Nov 30 2010 Published by drugmonkey under #FWDAOTI, Tribe of Science
If you put more than about 6 academically trained people on a task of joint action, it invariably turns into a faculty meeting. Complete with all the archetypes.
8 responses so far
Lunch does not escape this problem, either. Three is a better number.
Many times I wonder about starting my own company. No bullshit, just passionate work. If no work, don't have to hang around. If there is work, work the ass off. When things aren't going so well, don't have to hang around. When things are rolling and feel motivated, work the ass off. No bullshit, just pursue the passion, just like the old west.
Contrast to 6 independent faculty each with their own agenda. Perhaps, everyone be reminded of Nash's equilibrium.
I don't think this has anything to do with academia per se. It's just the ubiquitous inability to kep eyes on the ball, and check the egos at the door.
I grew up in an academic family and now work in academia so I suppose I have not much else as a point of reference. My top of the head hypotheses are that a) The lack of a structured "hierarchy" (as in business, the military, etc) means that no one gets to be right by rank (and this can be a good thing but certainly makes agreement on action and decision-making harder), b) in a collection of academics, every person is convinced that s/he is the smartest person in the room and thus everyone else needs to hear his/her thoughts/opinion/analysis/recommendations, which leads to c) no one is ever really listening because they are busy constructing their own pitch and waiting impatiently for their turn to hold forth. 🙂
I love/hate it simultaneously.
I grew up in an academic family ..c) no one is ever really listening because they are busy constructing their own pitch and waiting impatiently for their turn to hold forth.
Oh, Lord. Are you related to me? HAHAHAHAAHA.
I'm on a committee right now that has exposed some of my colleagues' weaknesses (which of my weaknesses have been exposed as well? Aargh). But I have learned over the years that the colleagues whose approach to problems is most different from my own and who are the most difficult to work with are often the colleagues I can learn the most from. They force me to "think outside the box" so to speak. And those afore-mentioned weaknesses often end up being strengths in disguise. So hooray for impromptu faculty meetings! (wait, don't stone me!)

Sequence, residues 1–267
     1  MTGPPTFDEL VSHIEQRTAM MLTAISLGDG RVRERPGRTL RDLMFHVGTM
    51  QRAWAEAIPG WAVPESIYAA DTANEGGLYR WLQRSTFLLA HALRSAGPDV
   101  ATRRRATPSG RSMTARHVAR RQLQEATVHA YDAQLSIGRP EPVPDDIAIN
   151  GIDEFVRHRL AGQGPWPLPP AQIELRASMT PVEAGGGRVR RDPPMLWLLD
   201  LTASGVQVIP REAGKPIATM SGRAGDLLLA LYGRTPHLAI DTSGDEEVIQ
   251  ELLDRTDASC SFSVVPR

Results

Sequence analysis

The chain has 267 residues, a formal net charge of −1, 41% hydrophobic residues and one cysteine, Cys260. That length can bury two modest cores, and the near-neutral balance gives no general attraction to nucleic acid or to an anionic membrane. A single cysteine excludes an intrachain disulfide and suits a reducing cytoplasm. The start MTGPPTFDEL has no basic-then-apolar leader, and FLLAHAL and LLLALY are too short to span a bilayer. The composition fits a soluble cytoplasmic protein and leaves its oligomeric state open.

I done a bit of study on interdisciplinary teams, committees, etc. I think there is an 1930's article which shows that the most effective size for a committee is 0.7 persons.
As long as someone is clearly acting and saying things that they think they should say because that is how they conceive faculty meeting should be like. Consider the person who loves coming up with ever more extreme hypotheticals in defense of the status quo, which of course would be equally prone to such hypotheticals (but they only work one direction). The other phenotype of this sh*thead is "we have got to work within the existing guidelines" [but what about this guideline, can't we enforce that] "no, that existing guideline is really not enforceable because you can't make the faculty do that or you might hurt someone's feelings."
DrugMonkey is an NIH-funded researcher who blogs about careerism in science. And occasionally about the science of drug use.
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